Screwball disaster: Hudson Hawk, the flop that started the downfall of Bruce Willis
Death is dotted throughout Bruce Willis’ recent resume. In the next Out of death (release date to be confirmed), he plays a retired ranger who saddles up to solve a final crime. It should also appear shortly in A day to die, on “a parolee who kills a member of a drug union”. In April, Deadline announced that Willis had been cast Field of death, an action thriller about a man “whose life on his serene farm is interrupted when a cop and a pair of dangerous criminals show up.” Also watch out for capers to come Soul Assassin and American Headquarters.
Even the brightest stars eventually fade. Few, however, have passed out as completely as Willis. Today, the 66-year-old collects his Die hard indestructible badass character in a never-ending parade of generic action releases. It’s easy to forget that he’s already ordered $ 25 million per movie. Or that he was considered one of Hollywood’s most charming Renaissance men. An action star, of course. But a singer to boot – his soul-jazz record from 1987 Bruno’s return peaked at four in the UK charts – and a natural comedian.
What happened? The seeds of its decline were arguably sewn up 30 years ago this month with great folly, Hudson hawk. A pacy prank, the film tries to skate on nothing but Willis’ megawatt charm. The big idea is that Bruce Willis, the sweetest fixture in Tinsel Town, is someone we’ll want to spend 100 minutes with. He sings, he smiles, he cracks wise. Who could resist?
Lots of people, as it turned out. Hudson hawk, which marks its third birthday on May 24, took the plunge, bringing in just $ 17 million in the United States on a budget of $ 70 million (it did better overseas). He had, it is true, already endured a mega-flop, against Tom Hanks and Melanie Griffith in the 1990s The bonfire of vanities, directed by Brian De Palma. This, however, had been an ensemble piece, from which he had emerged with an intact reputation. Blame for Hudson hawk would, on the other hand, rest squarely on Willis’ shoulders. The lesson for the star was that he had to stick to the model of action established in 1988 with Die hard.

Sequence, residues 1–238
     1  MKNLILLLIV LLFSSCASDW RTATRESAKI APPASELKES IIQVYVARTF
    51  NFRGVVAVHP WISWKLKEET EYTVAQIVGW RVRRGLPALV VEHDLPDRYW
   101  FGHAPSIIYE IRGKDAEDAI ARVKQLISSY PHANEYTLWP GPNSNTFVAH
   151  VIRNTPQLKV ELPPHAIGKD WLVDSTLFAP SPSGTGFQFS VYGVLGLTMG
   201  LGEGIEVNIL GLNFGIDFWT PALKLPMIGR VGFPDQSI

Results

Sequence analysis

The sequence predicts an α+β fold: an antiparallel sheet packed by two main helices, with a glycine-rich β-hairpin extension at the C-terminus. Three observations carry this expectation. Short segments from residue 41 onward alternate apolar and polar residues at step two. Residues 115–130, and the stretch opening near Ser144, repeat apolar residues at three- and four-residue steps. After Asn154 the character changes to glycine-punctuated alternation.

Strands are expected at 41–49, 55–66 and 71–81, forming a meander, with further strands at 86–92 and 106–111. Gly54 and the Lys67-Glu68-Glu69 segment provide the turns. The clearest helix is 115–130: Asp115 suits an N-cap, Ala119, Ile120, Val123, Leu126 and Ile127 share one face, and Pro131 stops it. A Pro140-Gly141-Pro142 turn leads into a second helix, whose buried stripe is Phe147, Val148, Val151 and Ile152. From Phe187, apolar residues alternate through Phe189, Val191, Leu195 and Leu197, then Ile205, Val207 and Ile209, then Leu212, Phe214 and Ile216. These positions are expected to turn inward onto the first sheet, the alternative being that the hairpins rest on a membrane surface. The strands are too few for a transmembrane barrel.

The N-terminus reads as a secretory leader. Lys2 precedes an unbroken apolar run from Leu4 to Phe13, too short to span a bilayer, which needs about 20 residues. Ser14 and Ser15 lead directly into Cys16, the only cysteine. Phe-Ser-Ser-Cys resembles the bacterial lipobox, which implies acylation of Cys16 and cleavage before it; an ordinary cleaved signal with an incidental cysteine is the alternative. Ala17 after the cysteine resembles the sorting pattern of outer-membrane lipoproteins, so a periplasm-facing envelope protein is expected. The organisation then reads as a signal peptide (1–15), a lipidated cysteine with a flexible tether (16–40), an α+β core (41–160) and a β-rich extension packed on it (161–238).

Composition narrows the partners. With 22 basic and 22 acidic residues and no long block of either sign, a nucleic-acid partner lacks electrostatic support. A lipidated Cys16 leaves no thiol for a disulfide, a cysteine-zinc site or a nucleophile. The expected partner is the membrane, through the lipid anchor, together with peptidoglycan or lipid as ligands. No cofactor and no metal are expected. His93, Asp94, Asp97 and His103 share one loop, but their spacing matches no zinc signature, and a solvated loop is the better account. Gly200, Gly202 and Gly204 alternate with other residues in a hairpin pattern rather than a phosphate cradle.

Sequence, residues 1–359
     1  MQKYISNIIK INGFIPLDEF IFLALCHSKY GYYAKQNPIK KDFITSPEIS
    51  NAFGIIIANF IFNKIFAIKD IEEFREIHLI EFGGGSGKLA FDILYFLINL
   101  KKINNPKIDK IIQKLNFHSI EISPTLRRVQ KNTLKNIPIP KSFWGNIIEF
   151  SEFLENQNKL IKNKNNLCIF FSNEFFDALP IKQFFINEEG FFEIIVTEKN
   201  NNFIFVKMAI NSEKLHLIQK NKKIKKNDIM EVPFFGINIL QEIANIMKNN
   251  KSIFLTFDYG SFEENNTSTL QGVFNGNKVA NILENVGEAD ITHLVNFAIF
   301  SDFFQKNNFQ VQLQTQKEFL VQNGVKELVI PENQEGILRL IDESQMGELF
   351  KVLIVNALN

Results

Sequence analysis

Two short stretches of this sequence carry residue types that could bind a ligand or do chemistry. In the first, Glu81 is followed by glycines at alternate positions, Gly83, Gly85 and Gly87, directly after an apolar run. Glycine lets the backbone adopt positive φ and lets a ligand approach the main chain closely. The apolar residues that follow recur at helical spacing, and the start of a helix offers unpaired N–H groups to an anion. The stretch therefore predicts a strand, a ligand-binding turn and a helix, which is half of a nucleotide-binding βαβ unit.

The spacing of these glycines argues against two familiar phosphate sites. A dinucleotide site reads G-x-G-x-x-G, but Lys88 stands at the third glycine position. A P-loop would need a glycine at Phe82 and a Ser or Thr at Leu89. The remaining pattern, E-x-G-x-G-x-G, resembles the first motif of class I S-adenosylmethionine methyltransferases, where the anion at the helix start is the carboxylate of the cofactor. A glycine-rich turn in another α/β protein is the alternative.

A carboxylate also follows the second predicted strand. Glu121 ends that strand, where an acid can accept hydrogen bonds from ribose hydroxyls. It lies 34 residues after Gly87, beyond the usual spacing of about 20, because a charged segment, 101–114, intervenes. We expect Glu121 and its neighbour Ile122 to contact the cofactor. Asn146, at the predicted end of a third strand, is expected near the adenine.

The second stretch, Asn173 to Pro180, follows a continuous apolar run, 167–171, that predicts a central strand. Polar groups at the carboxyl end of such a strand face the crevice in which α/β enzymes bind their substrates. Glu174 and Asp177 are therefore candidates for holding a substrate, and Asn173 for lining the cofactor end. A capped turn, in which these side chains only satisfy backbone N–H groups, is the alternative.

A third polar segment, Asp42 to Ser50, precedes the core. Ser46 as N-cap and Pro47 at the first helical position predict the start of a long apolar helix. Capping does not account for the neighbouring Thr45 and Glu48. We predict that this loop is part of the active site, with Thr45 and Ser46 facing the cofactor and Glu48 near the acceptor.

That’s what he did. Packed in retirement was the super-smooth Willis from 1987 faux-com Blind date (opposite Kim Basinger) and Moonlight, the cult TV show in which he and Cybill Shepherd recreated the pungent chemistry of Spencer Tracy and Katharine Hepburn. From there, the dark spiral of VoD and the movies that all have “Kill” in their titles may have been inevitable. Hudson hawk was the start of the longest slow flat tire in Hollywood history.
Recently a campaign was claimed Hudson hawk. The New Yorker Last year, a counter-current play heralded a “feast of visual imagination and whimsical style.” Critic Mark Kermode defended it. But The New Yorker and Mark Kermode are cheated and you shouldn’t believe them. This screwed-up heist film puts one foot in error with almost every step.
Even the simple premise, imagined by Willis and old friend music producer Robert Kraft, exudes cartoonish inanity (the film is Willis’ lonely writing credit). Willis plays Eddie Hawkins, AKA master and Hudson Hawk burglar. Barely out of prison, he is embroiled in an international Bond-style conspiracy involving a criminal power couple, the Mayflowers – portrayed by a savage assault on Richard E Grant and Sandra Bernhard.